The home usability network (HUN) is a coalition of consumers, Center for Independent Living (CIL) staff, and community providers or professionals vested in helping people solve usability problems. This coalition works toward the goal of creating or modifying the home environment to best meet the needs and desires of local consumers.
The network is comprised of a diverse group of community organizations (such as a local Fair Housing Organization, state assistive technology program, or aging services program), and other professionals (such as contractors, occupational therapists, or business people) that are identified by CIL staff and consumer advocates.
The diagram below illustrates this process. First, home usability needs are identified by the consumer. The other section of this website, Self Advocacy for Home Usability, is a consumer focused guide to addressing home usability issues. If/when a consumer contacts you about a home usability issue you can direct them to this section first and then help work through any issues identified.
The CIL staff person can work closely with the consumer to prioritize the home usability issue they want to focus on using the Home Usability Plan (more about the Home Usability Plan can be found in the implement section). The consumer and CIL staff person then work towards a home usability solution, bringing on members of the Home Usability Network as needed to brainstorm solutions and/or provide skills, labor, financial support, and expert advice.
There are as many different types of usability issues as there are people. Identifying usability problems and solutions to these problems is a collaborative process between the consumer, the CIL specialist and usability network members. Within this consumer-directed process the consumer works closely with the CIL staff facilitator and members of the Home Usability Network to identify, prioritize and address the usability issues within their home.
Usability issues can be wide and varied in nature. They can involve making physical modifications to someone’s home—from those that are very technical and difficult in nature to others that are quite simple and inexpensive. Some problems may involve policy issues or negotiating with the landlord or a Homeowners’ Association. Still others may revolve around assistive technology needs or managing personal care assistant services. Finding solutions to these varied problems will depend on the ingenuity and creativity of the consumer, CIL staff, and community partners in the Housing Usability Network.
Some examples of usability problems and potential solutions include:
- The consumer has difficulty maneuvering through her home
- Solution—During the in-home visit the facilitator and consumer might identify that much of the problem has to do with furniture placement and clutter around the home. The consumer gets friends and family to help organize a garage sale as a first step to cutting the clutter and increasing space inside the home.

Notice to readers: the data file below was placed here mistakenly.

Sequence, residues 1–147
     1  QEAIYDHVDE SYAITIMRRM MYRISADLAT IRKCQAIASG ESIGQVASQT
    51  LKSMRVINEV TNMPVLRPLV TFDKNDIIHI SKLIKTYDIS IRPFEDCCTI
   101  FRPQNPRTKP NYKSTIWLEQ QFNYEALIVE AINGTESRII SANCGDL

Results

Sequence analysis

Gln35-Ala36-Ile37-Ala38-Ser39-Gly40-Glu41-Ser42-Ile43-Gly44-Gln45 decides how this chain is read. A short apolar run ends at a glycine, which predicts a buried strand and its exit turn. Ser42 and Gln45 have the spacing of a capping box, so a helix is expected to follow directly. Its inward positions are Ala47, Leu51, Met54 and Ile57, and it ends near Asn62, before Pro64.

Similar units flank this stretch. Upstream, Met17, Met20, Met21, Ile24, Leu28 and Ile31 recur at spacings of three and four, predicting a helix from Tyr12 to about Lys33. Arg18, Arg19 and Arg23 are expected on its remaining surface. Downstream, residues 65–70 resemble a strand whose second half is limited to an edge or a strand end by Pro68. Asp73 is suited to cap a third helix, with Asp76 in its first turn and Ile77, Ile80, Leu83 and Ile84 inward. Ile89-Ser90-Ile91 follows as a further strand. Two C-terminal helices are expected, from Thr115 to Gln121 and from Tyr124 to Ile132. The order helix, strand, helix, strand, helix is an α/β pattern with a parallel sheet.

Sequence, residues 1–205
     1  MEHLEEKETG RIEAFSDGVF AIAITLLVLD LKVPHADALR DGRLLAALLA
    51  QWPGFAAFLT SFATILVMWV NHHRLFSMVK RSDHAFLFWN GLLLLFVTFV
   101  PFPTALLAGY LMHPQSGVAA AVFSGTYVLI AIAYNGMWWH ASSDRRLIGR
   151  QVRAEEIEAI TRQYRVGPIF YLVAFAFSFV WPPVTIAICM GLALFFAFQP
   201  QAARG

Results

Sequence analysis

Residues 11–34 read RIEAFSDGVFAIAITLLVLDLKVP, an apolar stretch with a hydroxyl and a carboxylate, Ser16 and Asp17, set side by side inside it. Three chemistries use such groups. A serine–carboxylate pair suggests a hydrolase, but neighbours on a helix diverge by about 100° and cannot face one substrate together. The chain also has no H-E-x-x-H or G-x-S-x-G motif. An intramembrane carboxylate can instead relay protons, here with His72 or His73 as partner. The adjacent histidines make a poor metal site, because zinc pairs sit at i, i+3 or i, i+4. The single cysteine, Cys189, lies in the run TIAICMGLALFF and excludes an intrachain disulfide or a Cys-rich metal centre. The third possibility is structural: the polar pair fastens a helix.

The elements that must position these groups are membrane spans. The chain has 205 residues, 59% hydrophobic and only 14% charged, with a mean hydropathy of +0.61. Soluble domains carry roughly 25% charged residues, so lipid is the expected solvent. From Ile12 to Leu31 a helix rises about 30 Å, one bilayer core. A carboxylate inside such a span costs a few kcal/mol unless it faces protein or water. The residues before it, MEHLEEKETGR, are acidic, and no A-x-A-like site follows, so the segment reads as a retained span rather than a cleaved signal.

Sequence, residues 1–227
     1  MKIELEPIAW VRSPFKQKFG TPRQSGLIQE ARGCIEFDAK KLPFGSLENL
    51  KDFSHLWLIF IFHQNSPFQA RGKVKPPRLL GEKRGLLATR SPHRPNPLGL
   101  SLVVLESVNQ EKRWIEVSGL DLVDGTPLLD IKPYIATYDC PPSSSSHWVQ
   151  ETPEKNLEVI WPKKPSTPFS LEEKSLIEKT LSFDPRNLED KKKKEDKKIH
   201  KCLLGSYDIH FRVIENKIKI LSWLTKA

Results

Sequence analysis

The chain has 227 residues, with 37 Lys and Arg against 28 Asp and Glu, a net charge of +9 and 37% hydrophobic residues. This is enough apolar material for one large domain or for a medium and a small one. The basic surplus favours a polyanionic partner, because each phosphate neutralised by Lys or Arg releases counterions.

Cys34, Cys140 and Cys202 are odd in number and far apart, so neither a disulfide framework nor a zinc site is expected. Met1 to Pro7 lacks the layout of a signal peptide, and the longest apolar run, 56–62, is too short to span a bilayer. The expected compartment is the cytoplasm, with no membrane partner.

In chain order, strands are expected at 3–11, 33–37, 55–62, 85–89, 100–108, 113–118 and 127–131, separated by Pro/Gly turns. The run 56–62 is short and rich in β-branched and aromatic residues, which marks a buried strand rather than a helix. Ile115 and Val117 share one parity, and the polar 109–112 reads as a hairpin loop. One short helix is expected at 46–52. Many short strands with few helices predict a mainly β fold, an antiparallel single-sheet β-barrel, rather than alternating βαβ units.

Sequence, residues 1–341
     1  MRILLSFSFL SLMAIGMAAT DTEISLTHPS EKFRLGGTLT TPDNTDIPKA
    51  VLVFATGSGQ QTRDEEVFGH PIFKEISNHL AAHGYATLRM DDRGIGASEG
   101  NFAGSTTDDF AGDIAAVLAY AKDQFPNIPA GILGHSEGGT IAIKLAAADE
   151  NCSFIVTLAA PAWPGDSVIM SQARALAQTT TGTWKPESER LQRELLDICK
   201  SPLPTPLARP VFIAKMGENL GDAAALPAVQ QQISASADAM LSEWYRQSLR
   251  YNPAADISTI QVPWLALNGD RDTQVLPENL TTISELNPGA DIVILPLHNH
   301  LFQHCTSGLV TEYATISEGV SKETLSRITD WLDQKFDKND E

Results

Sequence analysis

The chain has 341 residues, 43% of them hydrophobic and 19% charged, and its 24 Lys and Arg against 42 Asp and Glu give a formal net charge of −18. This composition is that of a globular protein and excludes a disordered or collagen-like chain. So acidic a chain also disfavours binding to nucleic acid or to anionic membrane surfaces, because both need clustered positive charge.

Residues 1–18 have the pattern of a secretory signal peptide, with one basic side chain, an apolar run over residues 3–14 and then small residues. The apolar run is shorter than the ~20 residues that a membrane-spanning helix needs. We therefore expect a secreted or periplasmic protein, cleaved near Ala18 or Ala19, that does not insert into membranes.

- The consumer is not physically able to open the drapes.
- Solution—Consumer, facilitator and contractor meet with several vendors the contractor knows and find an electronic, remote-controlled drape opener that is donated and installed.
- The consumer has difficulty entering their home.
- Solution— The consumer and CIL specialist may determine that a ramp needs to be installed to address the problem. The consumer, facilitator and carpenter meet to decide the best plan for the ramp, discuss with owner/Homeowners’ Association for approval, obtain any building permits needed, and complete the job.
As you can see from these examples, the idea of usability is broad. While it sometimes includes issues of accessibility, such as the access ramp, it often goes beyond accessibility codes and fair housing regulations. Because usability issues and solutions can be so diverse, it is important that members of a Home Usability Network be diverse as well.
The Home Usability Network
The Home Usability Network is a coalition of local service providers, housing experts, tradespeople, volunteers who are vested in working to help solve home usability issues in the community. Different coalition members have different areas of expertise and experience and will have different things to offer consumers with usability issues. Not every member will be needed for every issue. Rather, coalition members can be accessed by the consumer or the CIL to provide support when needed. While not everyone will be needed for every usability issue you encounter, you will want to keep network members involved through regular email updates and phone calls to maintain the relationship. There will be more information on who makes up a home usability network, how to recruit members, and how to maintain network relationships in Create.
HINT! It’s important to note that the Home Usability Network is not meant to replace, diminish, or get in the way of work done by groups like Legal Services or Fair Housing Organizations. Hopefully these groups will be part of your HUN and will help avoid conflict. If a certain group is not in your HUN and it becomes apparent that they are already involved in solving a problem, the consumer and/or facilitator should contact the other organization to coordinate efforts when appropriate.